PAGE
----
A method and system for adding contact information to a user account in a database. A registered user of the database presents a query having search criteria. The search criteria identifies records that have contact information including an address located within a defined distance of a specified location, such as the user's current location. Instructions are transmitted to the client device for rendering a map of the specified location and a representation of the search results on a display of the user's device. If a record is not owned by or associated with the user, the contact information is obscured on the display. A widget is configured on the display of obscured records that enables the user to purchase the record. Upon selection of the widget, a purchase transaction is executed, and the identified record is added to the user account.

Description

TECHNICAL FIELD

This disclosure relates generally to database management, and more particularly, to systems and methods for purchasing a record from a map display and adding the record to a user's database account.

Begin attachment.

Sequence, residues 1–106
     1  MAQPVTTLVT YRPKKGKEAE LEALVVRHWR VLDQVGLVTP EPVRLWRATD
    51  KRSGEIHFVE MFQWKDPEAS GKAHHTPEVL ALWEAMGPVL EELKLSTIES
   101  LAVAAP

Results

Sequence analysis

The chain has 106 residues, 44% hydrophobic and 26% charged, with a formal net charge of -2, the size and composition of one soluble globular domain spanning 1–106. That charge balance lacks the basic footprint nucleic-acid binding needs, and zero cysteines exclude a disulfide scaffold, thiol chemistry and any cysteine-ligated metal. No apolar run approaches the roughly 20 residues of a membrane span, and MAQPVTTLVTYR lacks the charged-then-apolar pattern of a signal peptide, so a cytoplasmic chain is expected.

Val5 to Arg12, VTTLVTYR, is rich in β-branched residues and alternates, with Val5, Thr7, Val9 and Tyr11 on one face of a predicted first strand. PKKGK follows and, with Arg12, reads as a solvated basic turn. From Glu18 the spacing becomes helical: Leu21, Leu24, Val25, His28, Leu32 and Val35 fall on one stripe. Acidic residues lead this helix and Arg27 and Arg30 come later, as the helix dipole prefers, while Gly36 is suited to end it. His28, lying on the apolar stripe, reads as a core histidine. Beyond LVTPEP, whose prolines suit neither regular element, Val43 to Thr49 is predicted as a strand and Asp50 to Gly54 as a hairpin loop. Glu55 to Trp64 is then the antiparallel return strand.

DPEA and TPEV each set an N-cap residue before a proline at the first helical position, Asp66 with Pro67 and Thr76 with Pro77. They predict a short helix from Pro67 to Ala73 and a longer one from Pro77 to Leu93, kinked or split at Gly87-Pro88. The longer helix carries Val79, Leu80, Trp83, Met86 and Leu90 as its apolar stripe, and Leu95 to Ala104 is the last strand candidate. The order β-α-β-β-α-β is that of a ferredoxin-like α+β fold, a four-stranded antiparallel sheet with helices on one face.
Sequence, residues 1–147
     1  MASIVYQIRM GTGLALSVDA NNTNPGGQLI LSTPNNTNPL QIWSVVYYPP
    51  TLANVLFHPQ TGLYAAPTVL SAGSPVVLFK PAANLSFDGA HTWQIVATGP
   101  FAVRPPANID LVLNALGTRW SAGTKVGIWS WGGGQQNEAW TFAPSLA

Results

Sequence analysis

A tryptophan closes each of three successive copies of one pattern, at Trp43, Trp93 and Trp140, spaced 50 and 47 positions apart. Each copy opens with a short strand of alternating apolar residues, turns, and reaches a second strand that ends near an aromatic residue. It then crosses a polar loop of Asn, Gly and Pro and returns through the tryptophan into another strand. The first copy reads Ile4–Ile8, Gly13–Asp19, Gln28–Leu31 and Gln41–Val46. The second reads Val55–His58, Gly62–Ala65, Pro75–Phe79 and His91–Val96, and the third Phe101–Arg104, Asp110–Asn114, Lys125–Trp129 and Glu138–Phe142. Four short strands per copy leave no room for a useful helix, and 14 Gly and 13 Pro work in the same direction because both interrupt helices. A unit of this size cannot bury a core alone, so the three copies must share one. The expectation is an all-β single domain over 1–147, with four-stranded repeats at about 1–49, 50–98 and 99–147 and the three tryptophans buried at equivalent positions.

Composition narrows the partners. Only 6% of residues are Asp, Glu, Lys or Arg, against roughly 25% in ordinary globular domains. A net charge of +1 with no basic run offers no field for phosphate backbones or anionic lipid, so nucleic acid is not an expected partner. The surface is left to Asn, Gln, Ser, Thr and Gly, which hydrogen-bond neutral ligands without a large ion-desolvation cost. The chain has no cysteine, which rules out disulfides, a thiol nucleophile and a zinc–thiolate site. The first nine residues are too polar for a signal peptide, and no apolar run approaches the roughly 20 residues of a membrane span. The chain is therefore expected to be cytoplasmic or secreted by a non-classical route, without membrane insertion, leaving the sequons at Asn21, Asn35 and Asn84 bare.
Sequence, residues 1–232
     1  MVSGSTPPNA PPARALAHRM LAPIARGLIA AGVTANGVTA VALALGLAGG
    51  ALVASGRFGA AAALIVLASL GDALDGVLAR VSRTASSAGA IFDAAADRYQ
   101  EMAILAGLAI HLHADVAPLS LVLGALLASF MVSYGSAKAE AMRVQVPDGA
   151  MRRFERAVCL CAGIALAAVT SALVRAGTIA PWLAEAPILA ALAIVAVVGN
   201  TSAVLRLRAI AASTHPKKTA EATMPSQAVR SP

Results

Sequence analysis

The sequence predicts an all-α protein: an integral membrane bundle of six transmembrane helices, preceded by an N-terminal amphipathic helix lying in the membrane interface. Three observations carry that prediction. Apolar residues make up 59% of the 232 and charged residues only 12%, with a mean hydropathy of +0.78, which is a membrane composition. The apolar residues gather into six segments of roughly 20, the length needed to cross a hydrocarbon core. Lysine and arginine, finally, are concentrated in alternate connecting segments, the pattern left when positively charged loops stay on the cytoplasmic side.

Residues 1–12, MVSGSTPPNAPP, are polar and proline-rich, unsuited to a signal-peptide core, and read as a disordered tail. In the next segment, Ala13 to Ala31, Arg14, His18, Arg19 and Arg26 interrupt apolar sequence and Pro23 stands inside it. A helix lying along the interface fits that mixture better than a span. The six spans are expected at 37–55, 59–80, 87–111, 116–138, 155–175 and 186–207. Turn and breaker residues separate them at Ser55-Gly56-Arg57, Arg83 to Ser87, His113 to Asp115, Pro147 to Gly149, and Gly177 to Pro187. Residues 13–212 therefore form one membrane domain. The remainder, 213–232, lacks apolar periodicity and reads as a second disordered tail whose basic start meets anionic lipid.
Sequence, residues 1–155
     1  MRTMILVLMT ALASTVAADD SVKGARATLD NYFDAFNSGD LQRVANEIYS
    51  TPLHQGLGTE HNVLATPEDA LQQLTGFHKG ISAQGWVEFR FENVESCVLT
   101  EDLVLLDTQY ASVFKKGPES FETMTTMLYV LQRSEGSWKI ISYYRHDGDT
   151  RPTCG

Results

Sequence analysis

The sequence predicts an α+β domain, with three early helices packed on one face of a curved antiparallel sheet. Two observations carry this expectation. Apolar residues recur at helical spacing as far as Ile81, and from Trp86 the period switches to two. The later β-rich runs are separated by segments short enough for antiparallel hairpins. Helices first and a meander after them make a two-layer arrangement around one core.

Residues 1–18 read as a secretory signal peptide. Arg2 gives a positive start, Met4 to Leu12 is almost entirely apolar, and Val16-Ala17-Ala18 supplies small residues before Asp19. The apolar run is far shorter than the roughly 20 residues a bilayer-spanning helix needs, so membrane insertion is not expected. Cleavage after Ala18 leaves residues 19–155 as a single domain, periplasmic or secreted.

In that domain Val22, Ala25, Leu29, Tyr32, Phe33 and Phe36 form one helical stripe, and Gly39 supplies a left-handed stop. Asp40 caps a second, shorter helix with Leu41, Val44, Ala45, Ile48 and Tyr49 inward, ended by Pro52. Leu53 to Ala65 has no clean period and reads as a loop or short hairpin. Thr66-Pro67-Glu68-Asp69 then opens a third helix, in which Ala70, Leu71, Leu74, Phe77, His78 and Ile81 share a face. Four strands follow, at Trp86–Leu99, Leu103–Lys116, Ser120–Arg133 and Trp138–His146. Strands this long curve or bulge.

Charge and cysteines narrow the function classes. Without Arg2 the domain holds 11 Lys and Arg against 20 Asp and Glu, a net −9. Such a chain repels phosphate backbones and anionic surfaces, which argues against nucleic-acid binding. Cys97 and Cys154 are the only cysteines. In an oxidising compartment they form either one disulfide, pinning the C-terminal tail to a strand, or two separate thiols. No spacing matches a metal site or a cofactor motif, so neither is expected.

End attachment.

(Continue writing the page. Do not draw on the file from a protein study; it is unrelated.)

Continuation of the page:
COPYRIGHT NOTICE

Portions of this disclosure contain material which is subject to copyright protection. The copyright owner has no objection to the facsimile reproduction by anyone of the patent disclosure, as it appears in the records of the United States Patent and Trademark Office, but otherwise reserves all rights.

BACKGROUND

The subject matter discussed in the background section should not be assumed to be prior art merely as a result of its mention in the background section. Similarly, a problem mentioned in the background section or associated with the subject matter of the background section should not be assumed to have been previously recognized in the prior art. The subject matter in the background section merely represents one or more different approaches to database management issues, which may be unique.